A Woman of a Certain Age

Having Birthdays

Today is the fourth birthday I’ve had since being diagnosed with cancer. So far, I’m still dancing with NED (which means my cancer tests since treatment still keep saying “No Evidence of Disease”). Around my first birthday after cancer, I went out and got a tattoo. On my leg. Not pink. Not a ribbon. Yeah, it’s the one on my leg in the blog logo pic. It wasn’t my first tattoo. It followed these little black dot tattoos that I got — involuntarily — when I had radiation. I went for my leg tattoo with another breast cancer sistah. The tattoo artist turned out to have lost his sister to breast cancer a few years before. Instant support group. Stuff like that happens in Cancer Land.

If I had any advantage going into Cancer Land, it was perhaps that I’d already been through menopause, so I wasn’t suddenly thrust into it by cancer treatment for my hormone-positive cancer. So, I had already ‘adjusted’ to hot flashes and night sweats and having a thermostat that was permanently stuck on high. I shelved all my turtlenecks and saved a lot on heating oil. Didn’t mean I had no hormones left, however. I came to value my remaining meager supply when I was put on tamoxifen, which proceeded to annihilate what remained of them. After a year of suffering through headaches, joint pain, hair like straw, brain fog and endless fatigue, I decided that I wanted to hang onto my remaining dribble of hormones. The 7.5% decrease in my recurrence risk that was supposed to be conferred on me by tamoxifen just wasn’t worth the suffering in the meantime. When you’re over 50, you’ve already bumped into a few challenges to your quality of life, even without cancer. So you get pretty snarky about hanging onto what you’ve got left.

Age and language and stereotypes are funny things. Dr. Susan Love once publicly referred to certain kinds of breast cancer as ‘granny cancer.’ I’m not entirely sure what she meant by that. Since the U.S. Preventative Task Force recommended that routine mammography for breast cancer screening should start at age 50, there may be too many folks who think of breast cancer as ‘granny cancer.’ Tell that to my friend Rachel’s husband, who just lost his wife at age 41 to metastatic breast cancer. Personally, I don’t like anyone referring to any kind of cancer with glib, age-ist phrases. The birthdays stopped for Rachel, and they continue to stop for 40,000 American women and men every year because of breast cancer.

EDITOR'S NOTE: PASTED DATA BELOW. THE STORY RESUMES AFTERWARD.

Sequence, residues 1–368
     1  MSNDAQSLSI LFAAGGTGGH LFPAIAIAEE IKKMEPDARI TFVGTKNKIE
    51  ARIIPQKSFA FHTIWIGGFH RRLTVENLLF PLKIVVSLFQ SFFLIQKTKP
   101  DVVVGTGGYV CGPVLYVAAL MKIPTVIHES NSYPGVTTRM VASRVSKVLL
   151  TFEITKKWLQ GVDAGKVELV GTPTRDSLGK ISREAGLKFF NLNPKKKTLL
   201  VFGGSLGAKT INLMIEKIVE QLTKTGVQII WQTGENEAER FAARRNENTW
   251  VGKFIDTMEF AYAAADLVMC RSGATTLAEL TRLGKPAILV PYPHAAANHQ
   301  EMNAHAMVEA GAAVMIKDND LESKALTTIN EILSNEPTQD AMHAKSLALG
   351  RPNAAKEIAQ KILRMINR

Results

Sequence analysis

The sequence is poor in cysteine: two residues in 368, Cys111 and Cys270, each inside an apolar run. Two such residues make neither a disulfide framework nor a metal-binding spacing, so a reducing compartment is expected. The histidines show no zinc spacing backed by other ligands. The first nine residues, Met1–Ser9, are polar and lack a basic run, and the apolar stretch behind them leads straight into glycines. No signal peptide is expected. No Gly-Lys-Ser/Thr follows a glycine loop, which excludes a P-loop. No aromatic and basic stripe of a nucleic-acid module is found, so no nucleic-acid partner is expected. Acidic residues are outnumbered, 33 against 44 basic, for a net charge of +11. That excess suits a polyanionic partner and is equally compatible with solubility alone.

So, I’m just happy to have another birthday. It’s a bit sobering now to be within two years of my sixtieth birthday, but we baby boomers, especially we of the younger contingent born after 1950, seem to be benefitting from a whole rethink on age expectations. I’ve been old enough to be someone’s granny for over a decade. Or two. But I and my life bear little resemblance to my own grandmother’s life. Thanks to increased longevity, better nutrition, more exercise, sunscreen, and really good hair coloring, we women of a certain age have a much different life than our predecessors.